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    ABSTRACT: Toll-like receptors (TLRs) play important roles in initiation of innate immune responses and promotion of pathological forms of inflammation. Recent technological advances have enabled the visualization of transcription factor binding and histone modifications in response to TLR signaling at genome-wide levels. Findings emerging from these studies are beginning to provide a picture of how signal-dependent transcription factors regulate the inflammatory response in a cell-specific manner by controlling the recruitment of nucleosome remodeling factors and histone modifying enzymes. Of particular interest, new small molecule inhibitors have been developed that influence inflammatory responses by altering the reading or erasure of histone modifications required for inflammatory gene activation. These findings suggest new approaches for treatment of inflammatory diseases.
    Current Opinion in Pharmacology 06/2013; · 5.44 Impact Factor
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    ABSTRACT: The functional importance of gene enhancers in regulated gene expression is well established. In addition to widespread transcription of long non-coding RNAs (lncRNAs) in mammalian cells, bidirectional ncRNAs are transcribed on enhancers, and are thus referred to as enhancer RNAs (eRNAs). However, it has remained unclear whether these eRNAs are functional or merely a reflection of enhancer activation. Here we report that in human breast cancer cells 17β-oestradiol (E2)-bound oestrogen receptor α (ER-α) causes a global increase in eRNA transcription on enhancers adjacent to E2-upregulated coding genes. These induced eRNAs, as functional transcripts, seem to exert important roles for the observed ligand-dependent induction of target coding genes, increasing the strength of specific enhancer-promoter looping initiated by ER-α binding. Cohesin, present on many ER-α-regulated enhancers even before ligand treatment, apparently contributes to E2-dependent gene activation, at least in part by stabilizing E2/ER-α/eRNA-induced enhancer-promoter looping. Our data indicate that eRNAs are likely to have important functions in many regulated programs of gene transcription.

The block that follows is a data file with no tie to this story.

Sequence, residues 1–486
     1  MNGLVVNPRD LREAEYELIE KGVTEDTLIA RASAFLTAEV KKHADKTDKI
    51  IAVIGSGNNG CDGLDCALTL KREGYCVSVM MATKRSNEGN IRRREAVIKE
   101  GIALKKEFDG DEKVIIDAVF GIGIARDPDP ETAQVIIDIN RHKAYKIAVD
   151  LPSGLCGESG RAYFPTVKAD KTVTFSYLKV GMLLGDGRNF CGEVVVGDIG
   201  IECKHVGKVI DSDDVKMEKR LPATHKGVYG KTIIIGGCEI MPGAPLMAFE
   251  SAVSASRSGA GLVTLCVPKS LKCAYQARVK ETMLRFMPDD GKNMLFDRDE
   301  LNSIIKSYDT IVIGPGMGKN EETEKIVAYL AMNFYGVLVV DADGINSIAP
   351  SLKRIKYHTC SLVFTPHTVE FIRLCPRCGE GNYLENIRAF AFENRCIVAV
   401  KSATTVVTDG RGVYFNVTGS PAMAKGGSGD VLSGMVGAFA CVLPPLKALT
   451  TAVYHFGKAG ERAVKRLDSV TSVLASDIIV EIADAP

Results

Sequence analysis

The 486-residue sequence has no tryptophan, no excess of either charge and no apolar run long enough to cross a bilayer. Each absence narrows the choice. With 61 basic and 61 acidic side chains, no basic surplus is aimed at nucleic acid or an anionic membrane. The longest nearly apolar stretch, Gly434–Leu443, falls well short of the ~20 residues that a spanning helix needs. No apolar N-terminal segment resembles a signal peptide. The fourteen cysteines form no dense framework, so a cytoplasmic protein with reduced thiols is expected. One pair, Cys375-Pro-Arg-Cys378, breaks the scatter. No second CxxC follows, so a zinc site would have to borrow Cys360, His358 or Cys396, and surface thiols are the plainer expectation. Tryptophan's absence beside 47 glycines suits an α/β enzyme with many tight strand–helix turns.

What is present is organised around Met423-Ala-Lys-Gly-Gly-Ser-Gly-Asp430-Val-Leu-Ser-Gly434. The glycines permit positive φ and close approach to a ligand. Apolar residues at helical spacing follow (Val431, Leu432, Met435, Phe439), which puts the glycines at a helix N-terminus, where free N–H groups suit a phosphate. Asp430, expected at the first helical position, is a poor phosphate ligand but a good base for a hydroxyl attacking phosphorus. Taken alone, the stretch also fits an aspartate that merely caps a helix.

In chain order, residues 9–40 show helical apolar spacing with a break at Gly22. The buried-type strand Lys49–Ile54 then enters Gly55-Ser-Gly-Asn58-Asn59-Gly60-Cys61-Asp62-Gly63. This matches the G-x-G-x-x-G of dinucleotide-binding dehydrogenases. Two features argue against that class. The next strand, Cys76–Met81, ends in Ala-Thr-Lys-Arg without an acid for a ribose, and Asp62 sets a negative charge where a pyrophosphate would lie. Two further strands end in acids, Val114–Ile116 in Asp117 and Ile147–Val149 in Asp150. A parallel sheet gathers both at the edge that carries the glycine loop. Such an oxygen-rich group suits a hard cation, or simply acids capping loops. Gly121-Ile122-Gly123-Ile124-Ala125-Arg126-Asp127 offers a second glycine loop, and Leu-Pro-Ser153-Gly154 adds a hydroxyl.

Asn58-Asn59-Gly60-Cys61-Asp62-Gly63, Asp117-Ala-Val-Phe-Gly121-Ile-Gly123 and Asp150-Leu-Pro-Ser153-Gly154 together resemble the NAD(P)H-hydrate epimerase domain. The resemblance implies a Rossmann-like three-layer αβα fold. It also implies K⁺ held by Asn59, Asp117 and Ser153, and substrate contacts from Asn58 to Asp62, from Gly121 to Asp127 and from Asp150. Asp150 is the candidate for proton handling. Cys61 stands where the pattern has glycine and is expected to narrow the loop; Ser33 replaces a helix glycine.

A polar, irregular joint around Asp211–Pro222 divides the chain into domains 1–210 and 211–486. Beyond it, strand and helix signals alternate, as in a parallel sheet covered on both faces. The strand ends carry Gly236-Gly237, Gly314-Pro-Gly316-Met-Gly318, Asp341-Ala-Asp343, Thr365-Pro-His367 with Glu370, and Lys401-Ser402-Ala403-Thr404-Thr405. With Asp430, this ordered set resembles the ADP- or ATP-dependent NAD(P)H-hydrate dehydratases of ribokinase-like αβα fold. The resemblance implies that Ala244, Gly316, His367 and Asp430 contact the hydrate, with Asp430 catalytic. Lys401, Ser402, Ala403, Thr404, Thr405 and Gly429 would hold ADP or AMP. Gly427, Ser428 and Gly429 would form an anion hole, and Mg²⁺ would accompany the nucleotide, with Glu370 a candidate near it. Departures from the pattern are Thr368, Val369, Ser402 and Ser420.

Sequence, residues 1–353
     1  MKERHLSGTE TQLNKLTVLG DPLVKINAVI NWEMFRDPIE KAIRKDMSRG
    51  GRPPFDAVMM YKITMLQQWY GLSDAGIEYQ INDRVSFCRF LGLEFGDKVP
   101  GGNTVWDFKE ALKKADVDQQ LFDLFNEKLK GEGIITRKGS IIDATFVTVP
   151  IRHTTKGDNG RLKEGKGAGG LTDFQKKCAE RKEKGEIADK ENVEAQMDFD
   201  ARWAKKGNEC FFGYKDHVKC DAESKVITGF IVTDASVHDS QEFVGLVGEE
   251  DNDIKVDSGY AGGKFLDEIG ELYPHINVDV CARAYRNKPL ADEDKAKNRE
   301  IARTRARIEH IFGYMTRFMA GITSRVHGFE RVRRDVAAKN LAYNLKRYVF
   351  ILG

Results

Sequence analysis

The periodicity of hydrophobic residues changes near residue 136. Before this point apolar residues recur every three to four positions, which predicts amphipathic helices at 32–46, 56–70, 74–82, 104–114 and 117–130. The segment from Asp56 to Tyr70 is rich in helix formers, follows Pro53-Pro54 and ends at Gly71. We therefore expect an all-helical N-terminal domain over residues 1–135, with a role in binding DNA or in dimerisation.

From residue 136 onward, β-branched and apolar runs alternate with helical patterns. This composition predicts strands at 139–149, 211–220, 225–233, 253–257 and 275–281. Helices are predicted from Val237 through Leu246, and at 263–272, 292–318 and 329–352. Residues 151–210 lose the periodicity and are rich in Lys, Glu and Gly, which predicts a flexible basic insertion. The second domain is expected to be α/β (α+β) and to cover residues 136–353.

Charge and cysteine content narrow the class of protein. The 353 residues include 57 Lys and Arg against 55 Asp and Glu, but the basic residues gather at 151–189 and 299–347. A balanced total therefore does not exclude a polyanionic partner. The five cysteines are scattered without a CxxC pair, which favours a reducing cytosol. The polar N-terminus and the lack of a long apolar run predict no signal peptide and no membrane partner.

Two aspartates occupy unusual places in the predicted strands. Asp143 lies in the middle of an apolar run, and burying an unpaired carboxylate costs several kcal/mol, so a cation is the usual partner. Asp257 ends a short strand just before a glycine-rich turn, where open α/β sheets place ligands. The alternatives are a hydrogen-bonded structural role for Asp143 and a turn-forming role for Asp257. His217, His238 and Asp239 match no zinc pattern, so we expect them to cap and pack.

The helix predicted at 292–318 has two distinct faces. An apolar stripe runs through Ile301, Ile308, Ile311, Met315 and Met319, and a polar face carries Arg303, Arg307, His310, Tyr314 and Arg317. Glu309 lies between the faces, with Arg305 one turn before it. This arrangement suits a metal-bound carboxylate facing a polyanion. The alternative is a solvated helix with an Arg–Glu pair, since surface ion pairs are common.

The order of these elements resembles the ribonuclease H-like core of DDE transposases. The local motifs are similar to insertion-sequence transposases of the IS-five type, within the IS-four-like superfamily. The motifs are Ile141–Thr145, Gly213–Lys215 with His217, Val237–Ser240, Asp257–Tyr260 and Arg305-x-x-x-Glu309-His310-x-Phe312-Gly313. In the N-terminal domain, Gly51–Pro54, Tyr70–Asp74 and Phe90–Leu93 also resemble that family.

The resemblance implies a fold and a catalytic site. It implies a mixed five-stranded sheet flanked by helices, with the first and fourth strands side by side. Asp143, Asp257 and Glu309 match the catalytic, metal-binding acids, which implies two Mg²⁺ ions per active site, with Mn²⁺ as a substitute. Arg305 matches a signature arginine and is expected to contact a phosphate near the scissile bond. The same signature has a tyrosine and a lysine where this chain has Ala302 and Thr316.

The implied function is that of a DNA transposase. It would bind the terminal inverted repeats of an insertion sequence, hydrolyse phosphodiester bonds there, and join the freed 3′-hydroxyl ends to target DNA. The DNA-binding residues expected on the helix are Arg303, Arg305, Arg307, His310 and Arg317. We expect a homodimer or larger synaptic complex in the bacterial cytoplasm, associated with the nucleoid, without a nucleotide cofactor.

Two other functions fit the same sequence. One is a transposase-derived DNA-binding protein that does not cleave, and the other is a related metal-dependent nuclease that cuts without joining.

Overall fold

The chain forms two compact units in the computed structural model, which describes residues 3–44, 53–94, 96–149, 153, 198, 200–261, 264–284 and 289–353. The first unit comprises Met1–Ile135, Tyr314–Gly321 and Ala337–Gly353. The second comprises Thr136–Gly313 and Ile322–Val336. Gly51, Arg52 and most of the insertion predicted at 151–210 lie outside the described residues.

Nature 06/2013; · 38.60 Impact Factor
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    ABSTRACT: Rev-Erb-α and Rev-Erb-β are nuclear receptors that regulate the expression of genes involved in the control of circadian rhythm, metabolism and inflammatory responses. Rev-Erbs function as transcriptional repressors by recruiting nuclear receptor co-repressor (NCoR)-HDAC3 complexes to Rev-Erb response elements in enhancers and promoters of target genes, but the molecular basis for cell-specific programs of repression is not known. Here we present evidence that in mouse macrophages Rev-Erbs regulate target gene expression by inhibiting the functions of distal enhancers that are selected by macrophage-lineage-determining factors, thereby establishing a macrophage-specific program of repression. Remarkably, the repressive functions of Rev-Erbs are associated with their ability to inhibit the transcription of enhancer-derived RNAs (eRNAs). Furthermore, targeted degradation of eRNAs at two enhancers subject to negative regulation by Rev-Erbs resulted in reduced expression of nearby messenger RNAs, suggesting a direct role of these eRNAs in enhancer function. By precisely defining eRNA start sites using a modified form of global run-on sequencing that quantifies nascent 5' ends, we show that transfer of full enhancer activity to a target promoter requires both the sequences mediating transcription-factor binding and the specific sequences encoding the eRNA transcript. These studies provide evidence for a direct role of eRNAs in contributing to enhancer functions and suggest that Rev-Erbs act to suppress gene expression at a distance by repressing eRNA transcription.
    Nature 06/2013; · 38.60 Impact Factor
  • Lan Xie, Amy L Sullivan, Jana G Collier, Christopher K Glass